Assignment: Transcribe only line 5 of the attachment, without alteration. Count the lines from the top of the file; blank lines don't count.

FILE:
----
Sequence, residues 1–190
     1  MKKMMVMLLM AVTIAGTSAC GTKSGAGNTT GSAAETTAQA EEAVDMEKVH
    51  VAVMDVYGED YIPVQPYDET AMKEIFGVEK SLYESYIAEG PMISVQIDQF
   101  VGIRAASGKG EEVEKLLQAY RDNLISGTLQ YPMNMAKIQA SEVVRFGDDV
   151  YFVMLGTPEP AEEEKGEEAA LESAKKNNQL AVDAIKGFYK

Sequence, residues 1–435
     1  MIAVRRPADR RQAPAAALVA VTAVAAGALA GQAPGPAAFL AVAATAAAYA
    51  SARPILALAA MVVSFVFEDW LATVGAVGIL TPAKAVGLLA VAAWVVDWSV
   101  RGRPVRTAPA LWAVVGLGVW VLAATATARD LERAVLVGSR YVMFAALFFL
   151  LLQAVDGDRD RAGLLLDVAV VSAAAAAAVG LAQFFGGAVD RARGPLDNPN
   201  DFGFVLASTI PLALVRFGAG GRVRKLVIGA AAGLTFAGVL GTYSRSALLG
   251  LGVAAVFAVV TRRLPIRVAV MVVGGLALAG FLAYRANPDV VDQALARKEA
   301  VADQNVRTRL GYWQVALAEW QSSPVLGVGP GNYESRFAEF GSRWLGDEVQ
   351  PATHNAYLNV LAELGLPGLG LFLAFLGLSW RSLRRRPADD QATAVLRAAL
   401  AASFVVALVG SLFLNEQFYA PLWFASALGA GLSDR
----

   151  YFVMLGTPEP AEEEKGEEAA LESAKKNNQL AVDAIKGFYK